In: An agenda for people: the UNFPA through three decades, edited by Nafis Sadik. New York, New York, New York University Press, 2002. 113-135.The remarkable originality and achievements of the International Conference on Population and Development (ICPD), held in Cairo in September 1994, have sometimes been disregarded in the years since. Most fair-minded people acknowledge that ICPD succeeded in its main aims. But for those of us who participated in earlier population conferences and in the preparations for Cairo, it can be said to have succeeded beyond our wildest dreams -- in terms of its intent and programmatic content at least. In addition, it helped mobilize the population, health, women's rights and allied communities to shape a broad agenda for the population and related development fields for the next two decades. Of the three international conferences organized by the United Nations to help build world consensus on the need to address population issues, ICPD was by far the most successful, measured by numbers attending, levels and quality of delegates, international media attention, and the quality of the final consensus -- and an important watershed. After long preparation and vigorous debate, more than 180 countries agreed to adopt the 16-chapter ICPD Programme of Action. The 115-page document outlines a 20-year plan to promote sustainable, human-centred development and a stable population, framing the issues with broad principles and specific actions. The Cairo Programme of Action was not simply an updating of the World Population Plan of Action (WPPA), agreed to at Bucharest and revised at Mexico City, but an entirely fresh and original programme, calling for a major shift in strategies away from demographic goals and towards more individual human welfare and development ones. ICPD was the largest intergovernmental conference on population ever held: 11,000 representatives from governments, non-governmental organizations (NGOs), United Nations agencies and intergovernmental agencies participated, 4,000 NGOs held a parallel forum, and there was unprecedented media attention. ICPD was not just a single event, but an entire process culminating in the Cairo meeting. There were six expert group meetings, and regional conferences in Bali, Dakar, Geneva, Amman and Mexico City. There were many formal and informal NGO meetings and three official Preparatory Committee (PrepCom) meetings. Other crucial influences came from the 1987 Safe Motherhood Conference, the 1990 World Summit for Children, the 1990 Jomtien World Conference on Education for All, and the 1993 Vienna Conference on Human Rights. (author's)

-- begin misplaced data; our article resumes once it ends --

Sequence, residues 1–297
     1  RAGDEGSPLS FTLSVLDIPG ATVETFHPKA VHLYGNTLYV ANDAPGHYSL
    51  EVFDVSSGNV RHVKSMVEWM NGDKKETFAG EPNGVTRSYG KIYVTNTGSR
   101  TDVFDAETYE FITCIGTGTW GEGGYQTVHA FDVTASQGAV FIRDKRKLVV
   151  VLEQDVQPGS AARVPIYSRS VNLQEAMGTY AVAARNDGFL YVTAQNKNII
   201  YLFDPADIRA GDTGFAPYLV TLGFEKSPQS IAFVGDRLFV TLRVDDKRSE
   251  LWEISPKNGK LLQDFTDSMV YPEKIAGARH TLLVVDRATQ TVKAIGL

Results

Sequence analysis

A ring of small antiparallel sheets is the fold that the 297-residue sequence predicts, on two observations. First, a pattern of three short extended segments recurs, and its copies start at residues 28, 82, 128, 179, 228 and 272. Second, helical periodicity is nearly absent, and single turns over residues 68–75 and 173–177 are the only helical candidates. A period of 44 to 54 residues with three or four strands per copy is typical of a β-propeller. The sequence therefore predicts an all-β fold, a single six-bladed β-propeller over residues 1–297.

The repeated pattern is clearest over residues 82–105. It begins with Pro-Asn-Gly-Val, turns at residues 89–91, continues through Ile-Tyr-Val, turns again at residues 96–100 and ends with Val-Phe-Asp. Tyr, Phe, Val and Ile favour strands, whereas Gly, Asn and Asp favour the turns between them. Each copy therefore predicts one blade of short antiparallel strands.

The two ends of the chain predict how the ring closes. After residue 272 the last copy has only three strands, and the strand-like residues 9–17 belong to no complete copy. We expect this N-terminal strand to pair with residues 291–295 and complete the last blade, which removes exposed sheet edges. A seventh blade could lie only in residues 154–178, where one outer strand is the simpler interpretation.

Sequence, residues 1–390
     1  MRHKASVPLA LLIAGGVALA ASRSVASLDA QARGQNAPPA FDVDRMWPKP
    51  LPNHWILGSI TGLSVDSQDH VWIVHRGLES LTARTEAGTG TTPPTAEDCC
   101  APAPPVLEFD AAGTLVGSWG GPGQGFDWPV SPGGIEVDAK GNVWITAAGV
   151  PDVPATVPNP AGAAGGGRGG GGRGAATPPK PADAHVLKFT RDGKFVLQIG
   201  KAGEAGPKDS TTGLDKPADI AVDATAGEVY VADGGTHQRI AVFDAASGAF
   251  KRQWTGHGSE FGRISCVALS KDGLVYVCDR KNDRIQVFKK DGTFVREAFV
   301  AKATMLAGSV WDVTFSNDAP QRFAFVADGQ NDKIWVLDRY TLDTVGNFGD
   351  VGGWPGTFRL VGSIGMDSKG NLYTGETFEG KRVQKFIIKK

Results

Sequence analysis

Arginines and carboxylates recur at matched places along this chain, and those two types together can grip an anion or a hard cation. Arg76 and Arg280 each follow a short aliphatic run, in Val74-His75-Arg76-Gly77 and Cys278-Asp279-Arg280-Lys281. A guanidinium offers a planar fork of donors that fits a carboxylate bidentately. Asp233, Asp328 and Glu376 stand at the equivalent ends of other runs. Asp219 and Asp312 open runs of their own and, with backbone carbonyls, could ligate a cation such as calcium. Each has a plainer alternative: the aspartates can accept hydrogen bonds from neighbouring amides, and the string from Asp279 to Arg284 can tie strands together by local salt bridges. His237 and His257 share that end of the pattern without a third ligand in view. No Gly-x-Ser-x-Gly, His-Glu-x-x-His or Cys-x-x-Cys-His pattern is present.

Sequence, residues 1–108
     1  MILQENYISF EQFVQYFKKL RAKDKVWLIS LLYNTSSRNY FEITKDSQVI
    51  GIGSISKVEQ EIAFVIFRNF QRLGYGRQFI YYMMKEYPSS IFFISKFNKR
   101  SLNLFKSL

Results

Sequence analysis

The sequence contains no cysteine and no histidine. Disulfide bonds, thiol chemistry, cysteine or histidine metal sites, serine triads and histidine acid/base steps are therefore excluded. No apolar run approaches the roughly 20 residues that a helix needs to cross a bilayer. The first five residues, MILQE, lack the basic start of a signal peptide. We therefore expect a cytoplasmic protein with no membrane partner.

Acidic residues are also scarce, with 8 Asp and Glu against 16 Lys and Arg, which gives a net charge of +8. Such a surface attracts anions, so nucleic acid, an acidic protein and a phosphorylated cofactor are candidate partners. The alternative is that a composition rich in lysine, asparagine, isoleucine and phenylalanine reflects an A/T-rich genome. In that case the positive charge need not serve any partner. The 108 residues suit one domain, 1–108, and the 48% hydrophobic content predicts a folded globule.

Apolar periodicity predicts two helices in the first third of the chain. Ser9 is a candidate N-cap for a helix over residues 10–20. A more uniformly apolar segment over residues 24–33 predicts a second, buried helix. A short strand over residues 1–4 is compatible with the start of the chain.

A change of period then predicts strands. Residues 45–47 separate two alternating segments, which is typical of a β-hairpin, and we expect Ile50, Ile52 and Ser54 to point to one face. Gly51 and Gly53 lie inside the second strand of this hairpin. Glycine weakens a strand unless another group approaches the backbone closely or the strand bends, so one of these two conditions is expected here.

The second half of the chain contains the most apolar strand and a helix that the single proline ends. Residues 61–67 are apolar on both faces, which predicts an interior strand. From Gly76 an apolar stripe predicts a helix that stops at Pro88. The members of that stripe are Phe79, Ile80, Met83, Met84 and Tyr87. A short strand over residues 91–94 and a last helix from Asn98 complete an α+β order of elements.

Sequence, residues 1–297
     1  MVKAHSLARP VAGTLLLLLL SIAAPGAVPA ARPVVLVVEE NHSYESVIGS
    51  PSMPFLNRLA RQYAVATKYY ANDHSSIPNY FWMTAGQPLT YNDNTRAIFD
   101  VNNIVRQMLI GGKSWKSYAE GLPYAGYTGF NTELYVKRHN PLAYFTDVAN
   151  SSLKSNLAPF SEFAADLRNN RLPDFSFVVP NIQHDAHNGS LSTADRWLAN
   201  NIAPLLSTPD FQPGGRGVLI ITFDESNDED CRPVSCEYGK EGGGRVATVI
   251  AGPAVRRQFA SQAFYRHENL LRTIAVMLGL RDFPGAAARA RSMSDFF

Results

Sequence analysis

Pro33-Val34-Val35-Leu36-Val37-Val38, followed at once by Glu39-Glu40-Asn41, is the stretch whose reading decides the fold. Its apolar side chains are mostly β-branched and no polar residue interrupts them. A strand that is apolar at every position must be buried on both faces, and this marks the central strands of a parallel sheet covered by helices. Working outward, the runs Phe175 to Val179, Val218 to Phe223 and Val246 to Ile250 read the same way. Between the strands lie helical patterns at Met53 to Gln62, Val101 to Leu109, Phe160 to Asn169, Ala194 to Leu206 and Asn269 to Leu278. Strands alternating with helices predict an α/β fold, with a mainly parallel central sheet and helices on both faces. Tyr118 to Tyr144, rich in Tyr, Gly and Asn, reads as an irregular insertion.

In: An agenda for people: the UNFPA through three decades, edited by Nafis Sadik. New York, New York, New York University Press, 2002. 152-174.This document outlines the UNFPA's stance and involvement – financially and politically – in global conferences including those focusing on women (Mexico City, 1975; Copenhagen, 1980; Nairobi, 1985; and Beijing, 1995), and other issues related to the world’s population.